‘Feedback is a gift’

While the main adjective Lyons describes herself as is “friendly”, she maintains that as a leader it is your “obligation” to help people and to grow them.

“I think you can do authenticity and positive feedback that gives direction in a nice way and I think if you don’t you’re wasting people’s time. If you can’t give people direction or you can’t give people feedback, they’re never going to grow,” she explains.

However, this “positive encouragement” does not mean leaders should take personal ownership of the results afterwards.

“You really need to just pretend you weren’t involved and just let them push on and own the achievement themselves,” she adds.

Another way Lyons tries to get the best out of people is by figuring out their “media superpower”.

She confesses: “I started quite quickly classifying people in my head; that person’s a very good storyteller, that person’s a very good performance planner, that person seems to know a lot about accuracy and the IPA.”

This classification system helps her understand how to work with people in terms of how to relate to them and also play to their strengths to create “shortcuts” for briefs and projects, which came into its own while working remotely.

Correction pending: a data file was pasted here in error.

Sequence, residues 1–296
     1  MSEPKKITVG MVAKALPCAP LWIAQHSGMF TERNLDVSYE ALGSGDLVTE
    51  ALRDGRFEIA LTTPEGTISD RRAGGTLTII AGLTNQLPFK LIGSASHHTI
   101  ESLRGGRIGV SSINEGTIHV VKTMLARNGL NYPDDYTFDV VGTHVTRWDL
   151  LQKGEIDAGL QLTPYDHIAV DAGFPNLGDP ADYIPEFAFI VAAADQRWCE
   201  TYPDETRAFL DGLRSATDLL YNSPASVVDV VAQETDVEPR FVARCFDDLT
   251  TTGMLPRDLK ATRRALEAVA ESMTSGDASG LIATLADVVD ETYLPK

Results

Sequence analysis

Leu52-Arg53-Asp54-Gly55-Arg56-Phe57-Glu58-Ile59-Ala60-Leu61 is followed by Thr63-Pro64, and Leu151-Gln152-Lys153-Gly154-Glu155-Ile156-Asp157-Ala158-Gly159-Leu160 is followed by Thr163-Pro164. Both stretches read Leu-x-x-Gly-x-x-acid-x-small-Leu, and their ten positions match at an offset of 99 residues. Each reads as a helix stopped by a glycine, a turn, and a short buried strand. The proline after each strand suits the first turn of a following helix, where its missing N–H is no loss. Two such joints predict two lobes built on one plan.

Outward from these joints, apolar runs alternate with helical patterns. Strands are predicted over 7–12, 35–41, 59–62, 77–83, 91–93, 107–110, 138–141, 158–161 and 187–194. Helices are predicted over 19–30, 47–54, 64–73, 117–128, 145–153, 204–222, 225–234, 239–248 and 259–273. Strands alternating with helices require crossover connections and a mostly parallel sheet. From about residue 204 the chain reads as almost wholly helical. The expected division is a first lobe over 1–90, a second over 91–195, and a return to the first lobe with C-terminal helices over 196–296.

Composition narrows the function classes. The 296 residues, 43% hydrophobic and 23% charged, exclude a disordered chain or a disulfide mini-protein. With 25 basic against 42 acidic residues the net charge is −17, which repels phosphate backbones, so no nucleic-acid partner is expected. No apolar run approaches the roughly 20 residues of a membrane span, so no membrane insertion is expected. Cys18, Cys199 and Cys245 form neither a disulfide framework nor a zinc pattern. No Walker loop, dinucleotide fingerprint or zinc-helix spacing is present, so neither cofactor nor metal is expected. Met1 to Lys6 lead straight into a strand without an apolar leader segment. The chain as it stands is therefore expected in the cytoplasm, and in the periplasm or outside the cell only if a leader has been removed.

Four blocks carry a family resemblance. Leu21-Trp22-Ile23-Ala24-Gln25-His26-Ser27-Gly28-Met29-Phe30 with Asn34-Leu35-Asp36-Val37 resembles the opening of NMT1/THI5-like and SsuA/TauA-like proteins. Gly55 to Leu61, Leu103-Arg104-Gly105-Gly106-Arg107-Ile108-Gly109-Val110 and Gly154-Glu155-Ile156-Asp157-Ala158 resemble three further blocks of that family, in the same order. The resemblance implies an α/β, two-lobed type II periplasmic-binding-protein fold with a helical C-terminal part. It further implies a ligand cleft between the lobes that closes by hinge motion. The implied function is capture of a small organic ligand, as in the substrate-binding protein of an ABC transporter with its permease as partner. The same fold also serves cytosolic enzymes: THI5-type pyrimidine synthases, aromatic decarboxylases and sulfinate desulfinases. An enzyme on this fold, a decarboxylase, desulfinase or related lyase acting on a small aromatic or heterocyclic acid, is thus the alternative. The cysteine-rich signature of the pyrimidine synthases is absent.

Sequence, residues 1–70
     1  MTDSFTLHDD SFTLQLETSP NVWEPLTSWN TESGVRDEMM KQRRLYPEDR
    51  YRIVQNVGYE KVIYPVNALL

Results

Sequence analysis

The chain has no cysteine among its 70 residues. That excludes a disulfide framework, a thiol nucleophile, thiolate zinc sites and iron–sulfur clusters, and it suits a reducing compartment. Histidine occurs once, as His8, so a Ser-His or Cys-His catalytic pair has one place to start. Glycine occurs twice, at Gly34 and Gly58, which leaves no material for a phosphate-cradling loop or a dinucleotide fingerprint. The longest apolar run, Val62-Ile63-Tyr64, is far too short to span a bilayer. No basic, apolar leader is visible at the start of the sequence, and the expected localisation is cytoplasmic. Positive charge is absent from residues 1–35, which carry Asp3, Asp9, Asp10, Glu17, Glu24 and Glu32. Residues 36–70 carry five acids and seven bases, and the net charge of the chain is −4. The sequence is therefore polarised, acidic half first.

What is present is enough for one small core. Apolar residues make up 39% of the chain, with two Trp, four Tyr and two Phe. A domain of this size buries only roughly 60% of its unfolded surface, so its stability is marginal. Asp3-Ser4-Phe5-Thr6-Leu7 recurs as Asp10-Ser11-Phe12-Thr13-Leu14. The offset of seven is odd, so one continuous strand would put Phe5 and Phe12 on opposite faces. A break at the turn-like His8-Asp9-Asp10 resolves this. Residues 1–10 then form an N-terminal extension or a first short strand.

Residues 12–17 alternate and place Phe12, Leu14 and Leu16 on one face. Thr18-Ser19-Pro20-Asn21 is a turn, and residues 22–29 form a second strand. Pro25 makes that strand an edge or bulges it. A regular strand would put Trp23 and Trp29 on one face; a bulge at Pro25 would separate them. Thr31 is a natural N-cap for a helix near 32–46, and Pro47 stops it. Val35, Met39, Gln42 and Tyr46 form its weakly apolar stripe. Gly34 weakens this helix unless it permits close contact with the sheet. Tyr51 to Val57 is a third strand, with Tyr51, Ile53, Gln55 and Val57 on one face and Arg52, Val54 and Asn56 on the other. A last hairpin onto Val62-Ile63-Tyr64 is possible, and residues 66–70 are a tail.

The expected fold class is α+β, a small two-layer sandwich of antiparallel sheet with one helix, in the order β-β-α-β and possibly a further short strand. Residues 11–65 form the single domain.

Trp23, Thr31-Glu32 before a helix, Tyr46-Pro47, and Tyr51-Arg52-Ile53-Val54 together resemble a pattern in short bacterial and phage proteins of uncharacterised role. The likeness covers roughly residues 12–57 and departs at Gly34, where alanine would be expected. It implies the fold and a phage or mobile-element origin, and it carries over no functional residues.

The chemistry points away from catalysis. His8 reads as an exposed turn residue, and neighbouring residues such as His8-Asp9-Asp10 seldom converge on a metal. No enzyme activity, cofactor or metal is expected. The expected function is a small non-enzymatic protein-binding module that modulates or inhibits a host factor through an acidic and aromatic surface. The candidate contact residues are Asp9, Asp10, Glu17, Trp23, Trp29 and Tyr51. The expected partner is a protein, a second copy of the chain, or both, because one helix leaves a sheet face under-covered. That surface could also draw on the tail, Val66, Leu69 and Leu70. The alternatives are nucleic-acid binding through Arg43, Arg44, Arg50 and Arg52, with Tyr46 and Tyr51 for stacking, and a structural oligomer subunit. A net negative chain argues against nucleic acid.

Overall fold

Media with ‘a proper purpose’

Also, Lyons highlights the importance of “the need for media to do good” going forward as well as reach people.

“It’s nearly an obligation on us to try and think of how we can do a better job in that space,” she comments, pointing to not doing events for events’ sake but aligning with a proper purpose.

Especially as we are (hopefully) coming out of the other end of the pandemic, she says there is “a genuine need” to connect with people in a way that will resonate but also give back.

She links this to the Change The Brief initiative, which her colleague Tony Mattson works closely on with the IPA, and stresses that every single brief, cue and subliminal message needs to be re-evaluated.

Lyons says: “You’d never have someone drink driving in an ad, so we need to take that kind of care and rigour into carbon, diversity- everything basically!”